Thus the move to retail focused asset growth was an attempt by banks to get risk averse.

While a few banks were the pioneers in retail home loans others latched on to the trend soon. Even the PSUs that were largely corporate credit focused saw themselves aggressively vending retail home loans. Competition got intense as almost all players ranging from NBFCs to truck financers to gold loan companies tried to grab a pie of retail home loans.

Loan to value ratio (LTV), the key yardstick for offering home loans, also gave a good reason to get aggressive on this segment. As housing prices leapfrogged quarter on quarter, banks found their LTV getting smaller, allowing them to offer big ticket loans. So as data from the RBI shows, even as property prices moved up 1.6 times over the past three years, banks' exposure to home loans was up 2.3x.

As property prices almost doubled, banks' exposure to realty grew 2.3x

Banks deny any risk emanating from over exposure to home loans. The fact that the borrowers' income levels and home loan affordability have also gone up is a huge security according to them. But the problem is that as the cream in home loans got skimmed, financial entities got aggressive in scraping the asset class. Some got more innovative in their pursuit of capturing the upside in lending against real estate. NBFCs started specializing in loan against property, commonly called LAP. While the home loans have the security of the income of the borrower, the LAP largely relied on the value of the property. Moreover, thousands of SMEs that failed to fetch bank loans by virtue of the business assets have relied on LAP.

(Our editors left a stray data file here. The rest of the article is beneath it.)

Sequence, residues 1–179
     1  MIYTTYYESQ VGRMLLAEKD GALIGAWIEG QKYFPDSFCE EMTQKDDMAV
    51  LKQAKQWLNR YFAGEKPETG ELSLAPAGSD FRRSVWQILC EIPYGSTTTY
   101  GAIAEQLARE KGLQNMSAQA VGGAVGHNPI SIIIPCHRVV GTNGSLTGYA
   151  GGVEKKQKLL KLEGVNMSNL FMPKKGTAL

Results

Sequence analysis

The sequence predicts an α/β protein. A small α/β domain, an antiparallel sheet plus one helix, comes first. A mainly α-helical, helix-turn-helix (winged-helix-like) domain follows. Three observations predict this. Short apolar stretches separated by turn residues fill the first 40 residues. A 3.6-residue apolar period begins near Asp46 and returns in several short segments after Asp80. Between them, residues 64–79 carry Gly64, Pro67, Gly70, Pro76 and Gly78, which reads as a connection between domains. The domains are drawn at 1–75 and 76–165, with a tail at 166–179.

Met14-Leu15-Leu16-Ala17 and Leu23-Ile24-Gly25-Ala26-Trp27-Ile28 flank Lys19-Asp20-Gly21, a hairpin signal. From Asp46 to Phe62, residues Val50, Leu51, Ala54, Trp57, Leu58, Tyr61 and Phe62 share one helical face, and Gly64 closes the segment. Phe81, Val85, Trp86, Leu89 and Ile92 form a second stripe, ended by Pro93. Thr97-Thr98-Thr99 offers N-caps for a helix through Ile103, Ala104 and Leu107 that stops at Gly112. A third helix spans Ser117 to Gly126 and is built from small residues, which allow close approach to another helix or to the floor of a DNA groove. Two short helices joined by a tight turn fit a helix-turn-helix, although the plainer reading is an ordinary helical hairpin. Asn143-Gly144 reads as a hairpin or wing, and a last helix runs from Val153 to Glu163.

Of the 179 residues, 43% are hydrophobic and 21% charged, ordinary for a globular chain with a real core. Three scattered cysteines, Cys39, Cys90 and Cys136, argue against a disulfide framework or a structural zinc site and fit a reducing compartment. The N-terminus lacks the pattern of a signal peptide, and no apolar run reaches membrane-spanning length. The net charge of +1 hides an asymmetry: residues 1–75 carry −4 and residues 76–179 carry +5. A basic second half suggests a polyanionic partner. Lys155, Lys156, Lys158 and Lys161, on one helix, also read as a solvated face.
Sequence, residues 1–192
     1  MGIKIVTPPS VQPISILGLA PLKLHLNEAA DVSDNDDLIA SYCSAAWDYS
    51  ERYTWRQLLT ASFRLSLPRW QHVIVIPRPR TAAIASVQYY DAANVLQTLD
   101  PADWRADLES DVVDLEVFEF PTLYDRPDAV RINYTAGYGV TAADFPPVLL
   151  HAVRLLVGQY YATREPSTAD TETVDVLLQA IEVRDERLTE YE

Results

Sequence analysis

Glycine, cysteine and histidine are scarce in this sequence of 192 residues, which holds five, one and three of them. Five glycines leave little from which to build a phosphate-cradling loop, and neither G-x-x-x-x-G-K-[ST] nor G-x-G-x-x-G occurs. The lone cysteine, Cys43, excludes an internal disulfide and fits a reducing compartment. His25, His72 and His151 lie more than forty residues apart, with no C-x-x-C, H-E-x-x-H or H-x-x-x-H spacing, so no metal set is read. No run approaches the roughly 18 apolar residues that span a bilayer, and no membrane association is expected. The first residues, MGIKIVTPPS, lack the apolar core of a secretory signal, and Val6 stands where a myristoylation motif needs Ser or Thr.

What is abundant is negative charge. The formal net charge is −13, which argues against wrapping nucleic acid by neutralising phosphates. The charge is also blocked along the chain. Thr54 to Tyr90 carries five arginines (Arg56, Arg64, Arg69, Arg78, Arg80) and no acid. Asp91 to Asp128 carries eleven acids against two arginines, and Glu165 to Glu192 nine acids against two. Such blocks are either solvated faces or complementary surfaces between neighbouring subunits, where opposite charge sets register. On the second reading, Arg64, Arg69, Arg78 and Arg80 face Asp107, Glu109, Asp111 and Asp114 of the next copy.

So you can now imagine the kind of cascading effect that any meaningful correction in realty prices in India is likely to have. It will not just impact over leveraged home loan borrowers or real estate speculators. But several financial entities that have taken their optimism about realty prices too far will see themselves writing off billions in non recoverable loans against property. Plus small businesses that have been shopping for loans based on sky rocketing realty prices will find themselves in dire consequences.